The Polish challenger, Zbigniew Pietrzykowski, was a European champion and had won a bronze medal four years earlier in the 1956 Olympics. Pietrzykowski was tough and plowed into the inexperienced Clay. The left-handed Polish fighter’s strength and mauling style made Clay look bad. He clearly lost the first round.

  Clay tried the same quick jab-and-move tactics in the second round and realized that he was receiving as much punishment as he was giving. He had dreamed of the glory of being a champion, and this was his chance. He didn’t want to lose.

  He made a small change in style, setting his feet more firmly in order to throw harder punches. He had to stop the Pole’s oncoming rush. At the end of the second round it wasn’t clear who was ahead

  Clay came out in the third and final round with the determination that was to become his trademark. He used every bit of the skill and nerve he had to take control of the fight. The end of round three left Pietrzykowski battered and helpless against the ropes.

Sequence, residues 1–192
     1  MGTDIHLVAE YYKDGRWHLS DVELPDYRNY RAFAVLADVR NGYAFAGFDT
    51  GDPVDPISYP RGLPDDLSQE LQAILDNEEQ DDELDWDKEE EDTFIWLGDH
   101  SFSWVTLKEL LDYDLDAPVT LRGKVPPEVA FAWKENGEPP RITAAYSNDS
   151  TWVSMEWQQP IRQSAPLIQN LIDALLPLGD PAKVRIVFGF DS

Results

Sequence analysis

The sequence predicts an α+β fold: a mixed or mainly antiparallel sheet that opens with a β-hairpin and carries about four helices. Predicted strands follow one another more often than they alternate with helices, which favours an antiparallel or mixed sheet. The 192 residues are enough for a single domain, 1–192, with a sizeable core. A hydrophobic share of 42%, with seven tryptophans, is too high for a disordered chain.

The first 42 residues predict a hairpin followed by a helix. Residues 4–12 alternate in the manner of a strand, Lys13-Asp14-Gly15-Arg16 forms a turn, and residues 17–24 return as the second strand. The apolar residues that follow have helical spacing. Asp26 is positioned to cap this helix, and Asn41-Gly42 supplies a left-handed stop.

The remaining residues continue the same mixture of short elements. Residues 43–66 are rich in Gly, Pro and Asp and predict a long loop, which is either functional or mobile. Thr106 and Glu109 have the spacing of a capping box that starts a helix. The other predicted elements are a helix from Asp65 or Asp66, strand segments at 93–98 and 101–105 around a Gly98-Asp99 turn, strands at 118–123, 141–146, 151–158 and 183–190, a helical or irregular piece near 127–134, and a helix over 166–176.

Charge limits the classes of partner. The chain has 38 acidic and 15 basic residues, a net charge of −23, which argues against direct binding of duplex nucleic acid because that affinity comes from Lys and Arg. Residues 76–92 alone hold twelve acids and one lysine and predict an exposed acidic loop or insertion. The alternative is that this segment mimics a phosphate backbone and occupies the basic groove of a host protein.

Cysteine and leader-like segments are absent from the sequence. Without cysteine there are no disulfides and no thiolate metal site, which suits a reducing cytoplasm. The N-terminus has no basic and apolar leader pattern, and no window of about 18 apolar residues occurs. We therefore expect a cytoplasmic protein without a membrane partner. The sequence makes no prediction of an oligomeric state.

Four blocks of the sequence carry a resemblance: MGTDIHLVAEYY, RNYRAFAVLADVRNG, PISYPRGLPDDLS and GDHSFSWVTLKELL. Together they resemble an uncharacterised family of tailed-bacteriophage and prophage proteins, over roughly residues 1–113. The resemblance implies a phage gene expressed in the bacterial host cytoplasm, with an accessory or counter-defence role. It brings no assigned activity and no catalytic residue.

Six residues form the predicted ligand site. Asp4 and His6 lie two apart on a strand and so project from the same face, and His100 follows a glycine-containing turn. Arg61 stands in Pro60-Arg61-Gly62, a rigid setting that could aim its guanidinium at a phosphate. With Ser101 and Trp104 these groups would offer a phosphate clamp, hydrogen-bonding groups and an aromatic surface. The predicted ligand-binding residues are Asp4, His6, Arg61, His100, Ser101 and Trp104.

The 1960 games in Rome were a turning point in Olympic coverage with the emergence of two black stars. One was the tall sprinter from Tennessee State University, Wilma Rudolph. An outstanding athlete, Rudolph was a hit with Americans across the country as she won gold medals in three events. The other star was Cassius Clay.

  At the medal ceremony, eighteen-year-old Cassius Clay looked like a child next to the older men he had beaten. The fight had been broadcast on television all over the world. People who knew next to nothing about the sport now knew about a young man from Louisville named Cassius Clay.

  The Olympic team flew back home from Rome to New York. When Clay returned to the United States, his world had turned completely around.